Another project in the energy field comes from Frank Jenko of the Max Planck Institute for Plasma Physics in Germany. His 50 million core hour project, which will shed new light on plasma turbulence, represents a contribution to the mega international fusion energy project ITER.

Another UCL researcher, Peter Coveney, will use his 17 million core hour time budget to study turbulent liquids. Predicting the properties of turbulent fluids is extremely challenging, and Professor Coveney's work could have implications for our understanding of weather forecasting, transport and the dispersion of pollutants, gas flows in engines and blood circulation.

Meanwhile Zoltán Fodor of the Bergische Universität Wuppertal in Germany has been awarded 63 million core hours to go back in time to the start of the universe, to a period when infinitesimally small particles, such as quarks and gluons, combined to form protons and neutrons which in turn came together to form atomic nuclei. The goal of Dr Fodor and his team is to analyse the properties of strongly interacting matter under 'extreme conditions'.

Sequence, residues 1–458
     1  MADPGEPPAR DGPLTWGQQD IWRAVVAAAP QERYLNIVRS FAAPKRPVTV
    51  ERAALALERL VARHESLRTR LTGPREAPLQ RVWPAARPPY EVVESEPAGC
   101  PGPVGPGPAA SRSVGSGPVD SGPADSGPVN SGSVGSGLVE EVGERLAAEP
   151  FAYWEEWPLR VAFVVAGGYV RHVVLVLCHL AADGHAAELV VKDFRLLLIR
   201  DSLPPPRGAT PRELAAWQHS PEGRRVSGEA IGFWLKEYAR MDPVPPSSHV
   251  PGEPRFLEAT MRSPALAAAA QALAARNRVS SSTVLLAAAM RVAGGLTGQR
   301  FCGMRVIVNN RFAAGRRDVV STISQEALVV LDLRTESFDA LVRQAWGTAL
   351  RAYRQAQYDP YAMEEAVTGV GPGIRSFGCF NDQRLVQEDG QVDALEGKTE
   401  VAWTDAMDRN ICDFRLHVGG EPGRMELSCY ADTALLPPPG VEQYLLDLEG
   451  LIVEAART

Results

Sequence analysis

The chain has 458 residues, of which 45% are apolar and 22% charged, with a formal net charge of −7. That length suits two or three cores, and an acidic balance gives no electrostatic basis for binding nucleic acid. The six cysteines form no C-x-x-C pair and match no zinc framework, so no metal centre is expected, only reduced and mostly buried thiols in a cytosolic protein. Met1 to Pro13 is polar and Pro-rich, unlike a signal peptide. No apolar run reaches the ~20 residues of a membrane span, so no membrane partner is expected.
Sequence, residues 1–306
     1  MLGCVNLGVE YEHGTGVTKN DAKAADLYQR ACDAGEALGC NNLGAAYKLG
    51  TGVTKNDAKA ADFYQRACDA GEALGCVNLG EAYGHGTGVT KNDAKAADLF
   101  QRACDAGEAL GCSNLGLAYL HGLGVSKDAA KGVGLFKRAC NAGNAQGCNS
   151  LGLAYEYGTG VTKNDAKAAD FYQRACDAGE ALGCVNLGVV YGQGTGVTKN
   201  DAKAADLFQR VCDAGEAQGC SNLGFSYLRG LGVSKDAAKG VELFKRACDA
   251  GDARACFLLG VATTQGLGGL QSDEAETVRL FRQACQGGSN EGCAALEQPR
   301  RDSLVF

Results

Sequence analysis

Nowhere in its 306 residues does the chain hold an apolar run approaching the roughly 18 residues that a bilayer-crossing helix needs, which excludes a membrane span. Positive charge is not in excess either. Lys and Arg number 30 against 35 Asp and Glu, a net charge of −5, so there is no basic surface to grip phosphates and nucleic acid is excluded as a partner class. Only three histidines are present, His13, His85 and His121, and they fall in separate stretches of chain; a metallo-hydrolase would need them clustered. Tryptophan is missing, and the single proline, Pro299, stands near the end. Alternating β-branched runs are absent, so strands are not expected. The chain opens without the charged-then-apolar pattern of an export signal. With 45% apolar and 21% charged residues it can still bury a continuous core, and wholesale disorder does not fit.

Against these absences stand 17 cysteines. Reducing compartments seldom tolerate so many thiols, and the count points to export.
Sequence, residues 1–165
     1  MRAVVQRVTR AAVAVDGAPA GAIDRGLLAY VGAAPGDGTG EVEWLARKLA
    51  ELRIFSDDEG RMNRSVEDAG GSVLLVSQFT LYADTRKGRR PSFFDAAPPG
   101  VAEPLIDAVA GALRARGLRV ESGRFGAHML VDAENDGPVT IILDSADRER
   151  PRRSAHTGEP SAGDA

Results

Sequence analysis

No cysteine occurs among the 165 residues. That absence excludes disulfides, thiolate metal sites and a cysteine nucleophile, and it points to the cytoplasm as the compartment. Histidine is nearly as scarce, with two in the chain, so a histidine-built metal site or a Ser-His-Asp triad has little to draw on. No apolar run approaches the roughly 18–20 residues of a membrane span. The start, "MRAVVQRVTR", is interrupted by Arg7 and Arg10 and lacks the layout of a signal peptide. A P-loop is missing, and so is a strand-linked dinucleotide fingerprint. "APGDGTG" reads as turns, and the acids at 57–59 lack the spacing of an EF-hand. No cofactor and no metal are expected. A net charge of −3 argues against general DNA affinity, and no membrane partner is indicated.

Atmospheric boundary layers are at the heart of the 35 million core hour project submitted by Harmen Jonker of Delft University in the Netherlands. Boundary layers change as a result of daytime heating and wind shear. Understanding them is crucial for the generation of accurate weather, climate and air quality models.

The other projects awarded access to JUGENE in this round of calls for proposals focus on molecular dynamics, magnetic reconnection, the deformation of metals, supernovae and quarks.

Hundreds of computational scientists from around the world will gather in Chattanooga July 11-15 to participate in technical and scientific talks, poster sessions and discussions of recent advances.

The event, SciDAC 2010, will also highlight successes of the Department of Energy's Scientific Discovery through Advanced Computing Program.

Thomas Zacharia, deputy director for science and technology at Oak Ridge National Laboratory, is the general chair for the event.

The SciDAC program brings together computational scientists, applied mathematicians and computer scientists from universities and national laboratories across the United States.

Areas of focus include understanding our universe on its largest and smallest scales, understanding Earth's climate and ramifications of climate change, and developing new energy sources.

For more information about the program, visit